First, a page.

Understanding And Supporting Your Child's Mental Health
Signs that indicate your child is suffering from anxiety and depression.
You may see your child's outbursts and believe that they're simply acting out. Or notice that their enthusiasm for the things they love has waned and dismiss it as a phase or part of growing up. In doing so, it may be hard to recognise that your child is anxious or depressed. Recognizing the signs of anxiety and depression is the first step to helping your child deal with their feelings and behaviours.
How common is anxiety and depression in children and adolescents?
According to Mental Health Ireland: “Mental health problems affect about one in ten children and young people. They include depression and anxiety and are often a direct response to what is happening in their lives”. The prevalence of anxiety and depressive disorders in the Challenging Times Adolescent Mental Health study was 3.7% and 4.5% respectively. Anxiety doesn't usually just go away, and can get worse with time.
Of the different types of depression, major depressive disorder (MDD) characterized by a persistent feeling of sadness and diminished interests (two of eight symptoms) can be a lifelong condition. Unfortunately, MDD often goes unrecognised and untreated in kids.
What are the signs of anxiety in children and adolescents?
It's normal for young children to get anxious occasionally. For example, a fear of storms, strangers, dark rooms or a certain play activity in young children, or worries about scoring high marks or fitting in at school or among peers in older children and adolescents. But excessive fears or worries may indicate an anxiety disorder. Some of the signs that should raise your concerns include:
- A fear of being away from parents (separation anxiety)
- An extreme fear of a specific thing or situation (phobia)
- Extreme fear in social settings (social anxiety)
- Worrying about a number of different things when there is no or little reason to worry about them (general anxiety)
- Regularly experiencing sudden attacks of panic or fear, characterized by a pounding heart, sweating, chills,trembling, breathing
difficulties, dizziness or numbness (panic disorder)
Additional symptoms of anxiety to note are:
- Anger or aggression
- Changes in appetite leading to major changes in weight
- Trouble sleeping
- Bed wetting
- Stomach aches
- Feeling exhausted most of the time
- Talking about feeling worthless
- Trouble concentrating
- A loss of confidence
- Nail-biting, skin picking and other body-focused nervous habits
In some children and adolescents, anxiety and depression can occur together. Among adults, it's common for many to be diagnosed with both depression and an anxiety disorder. It's worth understanding the causes and signs of depression.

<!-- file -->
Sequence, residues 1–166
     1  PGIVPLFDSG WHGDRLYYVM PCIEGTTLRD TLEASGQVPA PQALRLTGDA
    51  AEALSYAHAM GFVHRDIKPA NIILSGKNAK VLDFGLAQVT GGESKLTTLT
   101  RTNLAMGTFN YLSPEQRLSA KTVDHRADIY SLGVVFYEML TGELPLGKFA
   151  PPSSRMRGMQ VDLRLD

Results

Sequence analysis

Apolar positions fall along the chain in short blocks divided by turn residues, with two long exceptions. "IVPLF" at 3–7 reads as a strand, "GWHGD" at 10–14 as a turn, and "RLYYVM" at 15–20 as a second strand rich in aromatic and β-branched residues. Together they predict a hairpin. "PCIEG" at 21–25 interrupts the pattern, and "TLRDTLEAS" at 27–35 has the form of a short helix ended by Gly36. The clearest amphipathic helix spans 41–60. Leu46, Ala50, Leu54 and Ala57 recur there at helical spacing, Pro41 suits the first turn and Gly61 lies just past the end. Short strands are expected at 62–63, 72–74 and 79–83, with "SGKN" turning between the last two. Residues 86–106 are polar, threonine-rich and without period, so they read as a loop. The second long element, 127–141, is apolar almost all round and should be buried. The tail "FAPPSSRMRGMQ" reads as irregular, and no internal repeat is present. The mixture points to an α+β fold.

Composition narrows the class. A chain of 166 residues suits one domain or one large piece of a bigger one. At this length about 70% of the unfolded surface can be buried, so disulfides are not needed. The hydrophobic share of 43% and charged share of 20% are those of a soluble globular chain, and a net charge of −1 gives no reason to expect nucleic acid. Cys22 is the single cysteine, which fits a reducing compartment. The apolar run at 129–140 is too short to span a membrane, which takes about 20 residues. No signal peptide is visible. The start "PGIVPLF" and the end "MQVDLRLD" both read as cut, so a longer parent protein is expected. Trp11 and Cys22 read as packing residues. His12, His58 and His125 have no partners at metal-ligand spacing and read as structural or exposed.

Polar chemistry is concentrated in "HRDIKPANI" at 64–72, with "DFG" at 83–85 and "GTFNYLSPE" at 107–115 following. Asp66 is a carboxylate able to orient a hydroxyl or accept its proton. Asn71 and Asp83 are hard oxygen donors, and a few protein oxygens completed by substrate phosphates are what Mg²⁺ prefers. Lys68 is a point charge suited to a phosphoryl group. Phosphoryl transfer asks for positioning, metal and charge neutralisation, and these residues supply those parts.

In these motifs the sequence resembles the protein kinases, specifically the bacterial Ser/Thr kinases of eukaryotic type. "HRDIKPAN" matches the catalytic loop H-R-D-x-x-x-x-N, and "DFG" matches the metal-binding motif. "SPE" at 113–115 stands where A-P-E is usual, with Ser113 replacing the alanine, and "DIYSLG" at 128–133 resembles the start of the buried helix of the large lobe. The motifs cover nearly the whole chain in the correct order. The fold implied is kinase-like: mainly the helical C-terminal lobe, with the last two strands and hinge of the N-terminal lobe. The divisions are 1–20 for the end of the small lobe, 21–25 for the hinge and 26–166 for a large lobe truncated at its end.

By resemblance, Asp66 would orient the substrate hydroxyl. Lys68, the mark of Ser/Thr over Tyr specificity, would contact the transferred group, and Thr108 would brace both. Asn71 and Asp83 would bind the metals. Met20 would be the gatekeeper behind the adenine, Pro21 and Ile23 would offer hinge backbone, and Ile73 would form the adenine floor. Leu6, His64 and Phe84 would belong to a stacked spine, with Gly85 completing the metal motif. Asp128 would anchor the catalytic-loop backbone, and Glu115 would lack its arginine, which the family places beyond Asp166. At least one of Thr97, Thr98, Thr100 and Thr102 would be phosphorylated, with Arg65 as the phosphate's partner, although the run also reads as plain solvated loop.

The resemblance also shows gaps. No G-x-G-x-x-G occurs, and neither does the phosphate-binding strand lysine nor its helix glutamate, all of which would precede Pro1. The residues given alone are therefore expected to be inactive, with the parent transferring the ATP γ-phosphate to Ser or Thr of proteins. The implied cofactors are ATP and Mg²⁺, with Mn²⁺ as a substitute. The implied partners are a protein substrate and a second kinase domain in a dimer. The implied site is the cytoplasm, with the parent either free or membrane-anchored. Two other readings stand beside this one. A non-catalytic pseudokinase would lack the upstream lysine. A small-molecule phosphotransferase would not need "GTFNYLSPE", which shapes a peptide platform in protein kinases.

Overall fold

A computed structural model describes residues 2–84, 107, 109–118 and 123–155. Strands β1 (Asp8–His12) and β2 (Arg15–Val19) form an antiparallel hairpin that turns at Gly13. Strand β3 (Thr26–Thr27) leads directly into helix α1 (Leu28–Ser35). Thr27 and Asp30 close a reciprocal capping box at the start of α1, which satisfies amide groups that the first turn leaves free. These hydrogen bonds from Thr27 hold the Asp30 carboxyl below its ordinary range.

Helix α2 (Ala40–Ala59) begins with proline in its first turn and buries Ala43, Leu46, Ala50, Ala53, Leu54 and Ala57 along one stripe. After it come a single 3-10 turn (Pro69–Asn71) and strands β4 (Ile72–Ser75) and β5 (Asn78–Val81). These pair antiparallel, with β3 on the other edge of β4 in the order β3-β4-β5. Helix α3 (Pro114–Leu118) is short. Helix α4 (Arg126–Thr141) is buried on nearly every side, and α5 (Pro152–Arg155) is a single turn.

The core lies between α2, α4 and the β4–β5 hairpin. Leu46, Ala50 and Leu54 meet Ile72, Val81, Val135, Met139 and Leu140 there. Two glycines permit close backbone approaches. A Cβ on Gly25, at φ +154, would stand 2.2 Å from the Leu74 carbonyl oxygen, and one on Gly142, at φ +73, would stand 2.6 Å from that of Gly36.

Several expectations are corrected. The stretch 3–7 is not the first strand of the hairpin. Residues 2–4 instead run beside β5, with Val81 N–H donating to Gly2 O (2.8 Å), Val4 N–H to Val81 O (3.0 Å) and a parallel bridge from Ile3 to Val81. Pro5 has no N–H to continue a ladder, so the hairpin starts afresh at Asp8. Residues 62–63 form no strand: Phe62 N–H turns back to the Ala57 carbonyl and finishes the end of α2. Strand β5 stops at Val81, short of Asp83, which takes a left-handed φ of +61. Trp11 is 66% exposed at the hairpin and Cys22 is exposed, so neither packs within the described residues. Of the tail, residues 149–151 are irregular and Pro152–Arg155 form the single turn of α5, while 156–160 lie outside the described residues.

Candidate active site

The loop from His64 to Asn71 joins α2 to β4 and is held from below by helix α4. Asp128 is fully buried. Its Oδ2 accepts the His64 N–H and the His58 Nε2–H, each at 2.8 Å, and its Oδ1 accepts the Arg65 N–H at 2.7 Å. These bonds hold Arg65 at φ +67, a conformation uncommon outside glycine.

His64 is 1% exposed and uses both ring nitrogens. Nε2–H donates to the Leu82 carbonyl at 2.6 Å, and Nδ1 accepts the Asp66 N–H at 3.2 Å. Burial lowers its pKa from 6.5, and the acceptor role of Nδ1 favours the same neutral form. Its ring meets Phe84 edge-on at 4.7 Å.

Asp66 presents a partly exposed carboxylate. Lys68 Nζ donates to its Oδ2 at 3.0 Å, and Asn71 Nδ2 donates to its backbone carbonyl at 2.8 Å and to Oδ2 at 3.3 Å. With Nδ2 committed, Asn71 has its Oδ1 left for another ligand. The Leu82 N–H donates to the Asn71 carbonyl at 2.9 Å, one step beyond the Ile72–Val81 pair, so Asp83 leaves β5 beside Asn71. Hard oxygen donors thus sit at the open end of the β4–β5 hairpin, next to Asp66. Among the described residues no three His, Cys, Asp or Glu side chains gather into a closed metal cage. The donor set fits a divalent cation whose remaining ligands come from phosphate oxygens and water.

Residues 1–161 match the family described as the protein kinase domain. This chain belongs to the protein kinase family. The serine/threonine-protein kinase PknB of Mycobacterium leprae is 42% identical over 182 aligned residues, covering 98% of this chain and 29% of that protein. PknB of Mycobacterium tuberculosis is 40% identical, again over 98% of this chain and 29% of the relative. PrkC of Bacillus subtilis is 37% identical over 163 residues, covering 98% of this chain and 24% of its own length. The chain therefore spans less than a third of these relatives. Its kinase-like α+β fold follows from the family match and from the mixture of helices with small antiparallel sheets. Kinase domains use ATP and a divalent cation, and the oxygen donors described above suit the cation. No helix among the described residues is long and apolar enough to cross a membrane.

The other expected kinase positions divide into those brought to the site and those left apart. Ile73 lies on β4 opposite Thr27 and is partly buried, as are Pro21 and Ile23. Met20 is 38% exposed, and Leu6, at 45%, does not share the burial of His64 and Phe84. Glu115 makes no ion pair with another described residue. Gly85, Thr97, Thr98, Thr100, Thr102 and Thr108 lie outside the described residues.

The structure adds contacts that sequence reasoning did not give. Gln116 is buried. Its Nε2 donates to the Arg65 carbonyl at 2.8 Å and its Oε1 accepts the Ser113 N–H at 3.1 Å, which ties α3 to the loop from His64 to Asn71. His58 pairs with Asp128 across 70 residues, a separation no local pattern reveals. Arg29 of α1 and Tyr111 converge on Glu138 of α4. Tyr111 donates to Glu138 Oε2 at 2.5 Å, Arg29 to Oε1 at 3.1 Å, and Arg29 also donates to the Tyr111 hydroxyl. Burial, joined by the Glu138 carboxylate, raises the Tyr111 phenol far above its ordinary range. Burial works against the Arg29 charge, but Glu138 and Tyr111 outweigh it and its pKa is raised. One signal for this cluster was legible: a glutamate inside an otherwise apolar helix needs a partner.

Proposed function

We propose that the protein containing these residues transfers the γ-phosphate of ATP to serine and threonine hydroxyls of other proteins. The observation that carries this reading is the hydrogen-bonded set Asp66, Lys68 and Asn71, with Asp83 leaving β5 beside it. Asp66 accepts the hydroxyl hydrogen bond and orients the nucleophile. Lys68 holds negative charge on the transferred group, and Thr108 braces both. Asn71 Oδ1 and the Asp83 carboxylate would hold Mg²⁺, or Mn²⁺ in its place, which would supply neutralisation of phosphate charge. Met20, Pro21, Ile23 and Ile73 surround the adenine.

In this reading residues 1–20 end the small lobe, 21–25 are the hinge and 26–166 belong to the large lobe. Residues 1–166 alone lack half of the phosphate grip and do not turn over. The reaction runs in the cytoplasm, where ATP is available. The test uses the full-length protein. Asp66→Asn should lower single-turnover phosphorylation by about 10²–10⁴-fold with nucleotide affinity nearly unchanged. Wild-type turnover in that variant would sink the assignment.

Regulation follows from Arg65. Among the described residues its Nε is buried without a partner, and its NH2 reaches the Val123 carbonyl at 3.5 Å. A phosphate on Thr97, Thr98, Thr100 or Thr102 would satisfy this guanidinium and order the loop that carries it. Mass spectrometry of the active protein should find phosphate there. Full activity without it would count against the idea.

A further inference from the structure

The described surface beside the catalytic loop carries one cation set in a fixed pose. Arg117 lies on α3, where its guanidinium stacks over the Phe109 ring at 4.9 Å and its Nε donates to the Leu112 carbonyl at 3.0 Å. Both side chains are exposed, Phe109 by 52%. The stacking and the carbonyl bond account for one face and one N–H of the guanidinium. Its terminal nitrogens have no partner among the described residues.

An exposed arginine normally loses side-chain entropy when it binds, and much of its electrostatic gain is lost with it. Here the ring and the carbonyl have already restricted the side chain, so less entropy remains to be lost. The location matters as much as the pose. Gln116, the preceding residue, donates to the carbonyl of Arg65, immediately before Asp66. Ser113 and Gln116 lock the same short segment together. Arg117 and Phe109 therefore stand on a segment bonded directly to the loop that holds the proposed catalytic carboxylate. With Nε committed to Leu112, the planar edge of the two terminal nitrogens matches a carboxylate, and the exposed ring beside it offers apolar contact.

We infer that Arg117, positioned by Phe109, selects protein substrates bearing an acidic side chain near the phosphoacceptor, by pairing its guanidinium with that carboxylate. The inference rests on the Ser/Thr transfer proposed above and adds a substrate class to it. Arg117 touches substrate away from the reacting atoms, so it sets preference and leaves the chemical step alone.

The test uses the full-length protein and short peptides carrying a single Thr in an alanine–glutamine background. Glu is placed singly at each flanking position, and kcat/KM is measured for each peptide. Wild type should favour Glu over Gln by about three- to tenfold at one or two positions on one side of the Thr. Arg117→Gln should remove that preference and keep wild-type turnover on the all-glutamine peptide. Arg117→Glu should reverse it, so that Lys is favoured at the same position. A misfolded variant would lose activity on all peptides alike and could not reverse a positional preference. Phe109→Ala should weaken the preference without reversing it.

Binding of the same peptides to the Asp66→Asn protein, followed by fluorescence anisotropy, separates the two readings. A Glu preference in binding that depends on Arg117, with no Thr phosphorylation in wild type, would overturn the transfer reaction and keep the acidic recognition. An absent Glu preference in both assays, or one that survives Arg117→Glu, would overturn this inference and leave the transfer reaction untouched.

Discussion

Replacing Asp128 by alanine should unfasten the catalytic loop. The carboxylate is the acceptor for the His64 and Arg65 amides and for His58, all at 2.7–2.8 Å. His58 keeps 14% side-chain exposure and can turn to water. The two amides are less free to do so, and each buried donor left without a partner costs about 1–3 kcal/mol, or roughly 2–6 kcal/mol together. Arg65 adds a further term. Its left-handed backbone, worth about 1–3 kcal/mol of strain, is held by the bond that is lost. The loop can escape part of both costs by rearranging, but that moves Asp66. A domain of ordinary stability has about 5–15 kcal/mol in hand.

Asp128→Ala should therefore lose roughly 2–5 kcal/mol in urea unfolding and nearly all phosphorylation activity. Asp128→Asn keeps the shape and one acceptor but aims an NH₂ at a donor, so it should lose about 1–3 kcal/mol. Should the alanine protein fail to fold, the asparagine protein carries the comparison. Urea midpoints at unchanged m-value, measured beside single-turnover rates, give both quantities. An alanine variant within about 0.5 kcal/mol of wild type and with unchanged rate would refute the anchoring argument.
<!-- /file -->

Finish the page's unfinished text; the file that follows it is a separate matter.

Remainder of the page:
Why do children and adolescents get depressed?
Many factors can increase a young persons risk for depression, including:
- Parental separation or divorce
- Physical, emotional or sexual abuse
- Trouble at school (being bullied or getting low academic scores) or home (loss of a family member or financial hardship)
- A family history of depression
Frequently, a combination of these factors causes depression, and manifests in ways quite similar to symptoms of anxiety:
- Feeling sad, hopeless, or frustrated most of the time
- Feeling irritable, agitated, or angry most of the time
- Changes in eating patterns (overeating or eating a lot less than usual)
- Changes in sleep patterns (sleeping too much or trouble sleeping)
- Difficulty in paying attention
- Feeling worthless or guilty
- Not wanting to take part in enjoyable activities
- Unable to feel emotions
- Self-destructive and self-inflicted injuries
What to do if you suspect your child has anxiety, depression or both?
Have your child assessed by your GP. They may make a referral to a mental health professional for further diagnosis and treatment or may recommend specialist help from a qualified child and adolescent therapist.
There are different types of therapies available to treat anxiety and depression in children and adolescents. The traditional methods used are:
Cognitive-Behavioral Therapy(CBT): Cognitive-behavioural therapists help children identify unhelpful thought patterns and behaviors, and replace them with realistic thinking patterns and learn to be more adaptive to situations. Research finds that CBT boosts self-control, social skills, and problem-solving skills, among other benefits.
Psychodynamic therapy: Therapy focuses on understanding the issues that influence your child's thoughts, behaviors, and feelings, in a non-judgmental, supportive environment. It includes play strategies for younger children and talking for adolescents. It allows your child to express their emotions and over several sessions, teach them to manage their emotions.
Play Therapy: Play Therapy uses a variety of play and creative arts techniques to help the child explore their emotions and behaviours that may be interfering with their quality of life or preventing them from realising their potential. Play therapy may be non-directive, where the child decides what to do in a session or it may be directive where the therapist leads the way, or a mixture of the two. Play therapy is particularly effective for children who find it difficult to talk about their problems.
How can I help?
Parents/Guardians can help their child cope in different ways. Encourage your child to share their feelings offer validation of how they are feeling and help them view things more positively. Maintain a caring environment and ensure that your child receives physical nourishment such as a healthy diet and regular exercise.
At NorthStar Counselling &Therapy Centre in Enniscorthy, Co.Wexford, we have a number of therapists many of whom work with Children and Adolescents from age 5 – 25.
Feel free to check out our range of therapists at https://www.northstartherapy.ie/about
NorthStar Guiding You Safely Through Life’s Challenges